Letters of the Week

Uniting small shareholders, in-specie transfers, and SMSF trustees' performance.

Small is the new big

I felt that the letter published last week from Leigh Kealton in which he proposed a co-ordinating group of SMSF owners to represent that group against the weight of professional managers is something that needs more publicity and support. Company boards are largely not representative of the shareholders and it is company boards that select, and pay at outrageous levels, the managers of these companies which are owned by many, many shareholders. In addition I believe that there are a significant number of small shareholders outside the SMSF section who should be included in such a group organisation. Many ‘small’ shareholders hold portfolios in excess of $1 million and yet have virtually no voice in the management of the companies they invest in. It used to be that small investors bought shares in good, well managed and sound Australian companies as they saw it as a good thing to do as they were in some small way supporting local industry. With all the takeovers and general gambling on the market going on, these sentiments are mostly forgotten but there are quite a lot of us still out there and we are getting harder to please.

I Harrison

Transfer troubles

I’d like to make a few observations about Bruce’s July 18 article on in-specie transfers. I have made many in-specie transfers and, contrary to what Bruce writes, the share registry does not take any notice of the date of transfer listed on the off-market transfer form. When they send out the holding statement, it has the date when they processed the transaction. If the processing date is three months later, then that's what their system records. Any major timing discrepancy should prompt a ‘please explain’ from the ATO. Secondly, if you are using a broker to implement the off-market transfer, I can't imagine they would allow you to say you made the actual transaction months ago. Consequently, you probably have to do it yourself, which means you have to write to your broker and ask them to transfer the shares from broker sponsored to issuer sponsored. And then back again once the transfer is completed. Why not ban off-market transfers made by issuer sponsors but allow those made by brokers (with the ATO setting rules that the brokers must adhere to)? Thirdly, there are two types of off-market transfer. The first type is a non-concessional contribution where no money changes hands. The other is a buy/sell transaction, not a contribution, and money does change hands. I can see that contributions can be falsified but in the case of transactions, it should be relatively easy for the ATO to set some fair rules about the paperwork. All in all, my suspicion is that this practice is not widely being abused, and the whole thing is a beat-up by the share registry offices who don't like the hassle of dealing with the general public. Has anyone seen any statistics on this? I doubt it.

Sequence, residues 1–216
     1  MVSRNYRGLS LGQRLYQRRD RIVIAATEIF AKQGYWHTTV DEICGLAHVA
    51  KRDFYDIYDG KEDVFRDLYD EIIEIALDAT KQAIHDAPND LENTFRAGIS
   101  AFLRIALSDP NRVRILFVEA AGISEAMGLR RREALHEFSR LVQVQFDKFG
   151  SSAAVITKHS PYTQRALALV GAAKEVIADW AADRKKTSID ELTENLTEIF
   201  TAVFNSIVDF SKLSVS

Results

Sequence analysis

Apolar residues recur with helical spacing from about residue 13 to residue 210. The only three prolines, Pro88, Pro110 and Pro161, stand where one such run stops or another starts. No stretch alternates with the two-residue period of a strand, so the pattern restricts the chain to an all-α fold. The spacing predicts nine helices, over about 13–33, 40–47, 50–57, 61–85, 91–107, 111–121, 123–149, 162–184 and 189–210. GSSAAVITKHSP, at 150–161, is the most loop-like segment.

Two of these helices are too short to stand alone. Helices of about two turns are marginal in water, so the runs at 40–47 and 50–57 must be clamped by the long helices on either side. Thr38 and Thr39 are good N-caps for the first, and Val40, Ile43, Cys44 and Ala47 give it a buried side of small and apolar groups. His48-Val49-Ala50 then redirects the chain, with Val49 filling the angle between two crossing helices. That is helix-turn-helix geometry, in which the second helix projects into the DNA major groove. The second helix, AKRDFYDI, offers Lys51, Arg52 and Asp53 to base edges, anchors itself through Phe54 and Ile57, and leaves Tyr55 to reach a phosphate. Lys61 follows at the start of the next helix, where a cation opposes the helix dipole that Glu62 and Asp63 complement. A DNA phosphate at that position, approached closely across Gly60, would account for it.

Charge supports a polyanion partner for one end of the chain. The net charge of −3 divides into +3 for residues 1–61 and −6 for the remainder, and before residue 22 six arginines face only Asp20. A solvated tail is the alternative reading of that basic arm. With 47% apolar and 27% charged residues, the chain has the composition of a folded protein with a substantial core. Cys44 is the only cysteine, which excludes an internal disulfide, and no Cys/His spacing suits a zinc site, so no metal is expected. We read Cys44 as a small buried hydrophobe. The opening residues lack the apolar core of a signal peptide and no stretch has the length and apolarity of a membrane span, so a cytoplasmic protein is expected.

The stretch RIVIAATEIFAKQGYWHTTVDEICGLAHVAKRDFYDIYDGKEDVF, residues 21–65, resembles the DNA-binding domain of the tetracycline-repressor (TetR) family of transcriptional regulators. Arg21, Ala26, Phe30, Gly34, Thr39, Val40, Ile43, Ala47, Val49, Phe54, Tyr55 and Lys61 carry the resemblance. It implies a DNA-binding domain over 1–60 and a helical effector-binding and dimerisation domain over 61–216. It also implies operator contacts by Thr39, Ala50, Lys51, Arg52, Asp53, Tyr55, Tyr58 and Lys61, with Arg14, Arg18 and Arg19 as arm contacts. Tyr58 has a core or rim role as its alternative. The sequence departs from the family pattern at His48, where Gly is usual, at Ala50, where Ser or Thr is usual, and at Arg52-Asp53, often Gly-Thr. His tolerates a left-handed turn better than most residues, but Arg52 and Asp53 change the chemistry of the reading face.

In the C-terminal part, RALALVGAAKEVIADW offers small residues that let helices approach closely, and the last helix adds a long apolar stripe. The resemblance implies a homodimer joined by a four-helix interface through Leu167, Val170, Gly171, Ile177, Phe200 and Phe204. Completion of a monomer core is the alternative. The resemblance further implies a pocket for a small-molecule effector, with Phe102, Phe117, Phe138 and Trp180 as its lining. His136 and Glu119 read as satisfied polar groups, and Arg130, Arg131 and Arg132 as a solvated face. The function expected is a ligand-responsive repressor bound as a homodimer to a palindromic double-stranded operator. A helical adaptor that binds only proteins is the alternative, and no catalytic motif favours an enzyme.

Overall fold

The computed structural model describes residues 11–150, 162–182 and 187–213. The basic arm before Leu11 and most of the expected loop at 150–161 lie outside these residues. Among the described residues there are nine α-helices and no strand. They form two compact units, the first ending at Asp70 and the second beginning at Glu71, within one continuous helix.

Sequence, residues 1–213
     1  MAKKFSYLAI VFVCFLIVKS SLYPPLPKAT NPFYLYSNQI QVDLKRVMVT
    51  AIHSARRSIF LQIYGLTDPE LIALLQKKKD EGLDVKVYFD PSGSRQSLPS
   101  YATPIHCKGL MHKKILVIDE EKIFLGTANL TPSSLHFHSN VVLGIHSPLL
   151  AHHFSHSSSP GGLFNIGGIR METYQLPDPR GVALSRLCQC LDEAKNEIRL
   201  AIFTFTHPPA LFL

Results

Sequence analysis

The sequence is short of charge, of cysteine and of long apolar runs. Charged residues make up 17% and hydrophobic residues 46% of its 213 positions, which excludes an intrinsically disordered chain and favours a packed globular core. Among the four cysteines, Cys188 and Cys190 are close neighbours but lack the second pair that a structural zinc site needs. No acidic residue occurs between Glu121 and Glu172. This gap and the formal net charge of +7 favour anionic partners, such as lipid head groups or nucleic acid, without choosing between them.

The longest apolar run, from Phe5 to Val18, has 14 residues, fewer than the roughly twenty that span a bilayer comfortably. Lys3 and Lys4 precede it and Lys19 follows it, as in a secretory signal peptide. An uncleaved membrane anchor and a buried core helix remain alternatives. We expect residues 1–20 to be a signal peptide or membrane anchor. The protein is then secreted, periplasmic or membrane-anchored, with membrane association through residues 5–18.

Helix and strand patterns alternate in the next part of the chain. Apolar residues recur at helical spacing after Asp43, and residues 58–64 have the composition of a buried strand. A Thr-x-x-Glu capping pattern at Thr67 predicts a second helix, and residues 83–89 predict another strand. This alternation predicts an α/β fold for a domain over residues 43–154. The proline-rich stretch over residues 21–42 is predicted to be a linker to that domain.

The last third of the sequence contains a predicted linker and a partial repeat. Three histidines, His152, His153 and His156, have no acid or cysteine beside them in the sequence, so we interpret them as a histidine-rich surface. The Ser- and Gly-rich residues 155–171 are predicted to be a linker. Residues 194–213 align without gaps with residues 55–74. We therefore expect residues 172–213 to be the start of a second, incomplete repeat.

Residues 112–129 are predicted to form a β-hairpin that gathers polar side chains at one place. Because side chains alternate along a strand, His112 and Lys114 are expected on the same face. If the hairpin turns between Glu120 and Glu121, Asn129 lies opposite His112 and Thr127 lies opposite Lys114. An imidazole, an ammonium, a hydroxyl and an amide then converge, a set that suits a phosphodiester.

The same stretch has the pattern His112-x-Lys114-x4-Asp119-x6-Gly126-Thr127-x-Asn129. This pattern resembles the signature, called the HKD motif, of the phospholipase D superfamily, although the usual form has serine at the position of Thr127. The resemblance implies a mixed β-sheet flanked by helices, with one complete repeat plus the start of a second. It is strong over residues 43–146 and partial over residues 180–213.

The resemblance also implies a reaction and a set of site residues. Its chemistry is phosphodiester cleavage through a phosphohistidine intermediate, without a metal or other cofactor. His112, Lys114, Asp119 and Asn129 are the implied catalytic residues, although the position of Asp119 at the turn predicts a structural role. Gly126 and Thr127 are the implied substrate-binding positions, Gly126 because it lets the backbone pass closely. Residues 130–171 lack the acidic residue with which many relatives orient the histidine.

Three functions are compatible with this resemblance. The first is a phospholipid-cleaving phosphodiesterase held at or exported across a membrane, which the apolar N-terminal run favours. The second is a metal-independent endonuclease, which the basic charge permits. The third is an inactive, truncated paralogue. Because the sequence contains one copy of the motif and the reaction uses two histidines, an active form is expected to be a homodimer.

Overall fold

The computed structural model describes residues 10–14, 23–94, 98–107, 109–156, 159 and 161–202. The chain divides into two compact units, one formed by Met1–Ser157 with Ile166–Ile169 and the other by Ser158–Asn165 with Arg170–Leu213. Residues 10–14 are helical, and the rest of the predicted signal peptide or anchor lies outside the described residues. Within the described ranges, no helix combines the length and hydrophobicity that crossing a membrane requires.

R Cosier

Longer-term super heroics

Bruce Brammall’s article about SMSF performance over the last year misses one point that he sees as a given. Why choose 12 months as the unit of measurement of performance? The great benefit of SMSFs is you do not have the institutional imperative to report every 12 months. Long-term wealth accumulation can take a long-term view. SMSFs that continue to buy straw hats in winter (i.e. Australian stocks) may well prove to be outperformers in the long-term timeframe that super should be looked at. And yet Bruce would have sacked us all as trustees for missing the index in one year.

Personally I am loving the opportunity to buy quality stocks at reasonable prices – my only hope is the market will go lower.

J King

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